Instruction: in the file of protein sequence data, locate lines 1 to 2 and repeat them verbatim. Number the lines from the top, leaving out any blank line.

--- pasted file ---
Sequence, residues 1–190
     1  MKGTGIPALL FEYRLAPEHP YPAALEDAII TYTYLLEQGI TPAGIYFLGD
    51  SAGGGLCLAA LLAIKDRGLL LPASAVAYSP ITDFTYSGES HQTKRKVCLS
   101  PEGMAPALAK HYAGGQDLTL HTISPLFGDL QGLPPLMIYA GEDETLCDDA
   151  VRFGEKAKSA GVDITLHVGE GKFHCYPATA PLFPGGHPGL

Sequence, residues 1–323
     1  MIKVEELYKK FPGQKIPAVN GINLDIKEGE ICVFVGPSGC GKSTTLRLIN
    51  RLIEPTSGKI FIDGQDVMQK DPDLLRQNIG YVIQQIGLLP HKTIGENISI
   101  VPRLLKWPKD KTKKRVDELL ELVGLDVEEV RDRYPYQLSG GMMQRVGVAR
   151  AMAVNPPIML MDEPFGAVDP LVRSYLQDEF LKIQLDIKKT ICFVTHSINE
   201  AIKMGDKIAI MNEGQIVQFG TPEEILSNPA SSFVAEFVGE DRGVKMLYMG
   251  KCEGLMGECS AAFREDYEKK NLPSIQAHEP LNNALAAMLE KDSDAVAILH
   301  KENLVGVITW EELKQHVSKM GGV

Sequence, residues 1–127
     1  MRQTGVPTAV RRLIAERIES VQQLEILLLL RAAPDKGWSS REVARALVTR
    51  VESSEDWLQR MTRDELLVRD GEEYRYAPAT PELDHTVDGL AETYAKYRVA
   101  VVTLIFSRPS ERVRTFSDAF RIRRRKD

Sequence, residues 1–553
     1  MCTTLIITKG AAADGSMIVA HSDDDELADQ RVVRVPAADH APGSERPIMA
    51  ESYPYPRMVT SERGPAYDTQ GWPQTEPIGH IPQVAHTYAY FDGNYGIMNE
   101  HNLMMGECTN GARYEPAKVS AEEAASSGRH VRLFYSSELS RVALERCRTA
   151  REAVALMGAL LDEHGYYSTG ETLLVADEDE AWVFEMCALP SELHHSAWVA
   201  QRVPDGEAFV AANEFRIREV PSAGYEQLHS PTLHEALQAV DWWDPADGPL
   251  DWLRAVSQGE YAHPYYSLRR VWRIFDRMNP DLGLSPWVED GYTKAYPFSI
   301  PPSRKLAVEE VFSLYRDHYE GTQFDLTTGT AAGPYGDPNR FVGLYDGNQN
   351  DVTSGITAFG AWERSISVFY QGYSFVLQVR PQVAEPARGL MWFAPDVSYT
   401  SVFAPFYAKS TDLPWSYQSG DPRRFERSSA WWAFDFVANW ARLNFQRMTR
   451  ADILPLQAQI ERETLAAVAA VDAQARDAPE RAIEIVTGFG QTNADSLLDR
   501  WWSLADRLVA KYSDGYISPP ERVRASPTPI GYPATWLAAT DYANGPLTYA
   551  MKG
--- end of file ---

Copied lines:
Sequence, residues 1–190
     1  MKGTGIPALL FEYRLAPEHP YPAALEDAII TYTYLLEQGI TPAGIYFLGD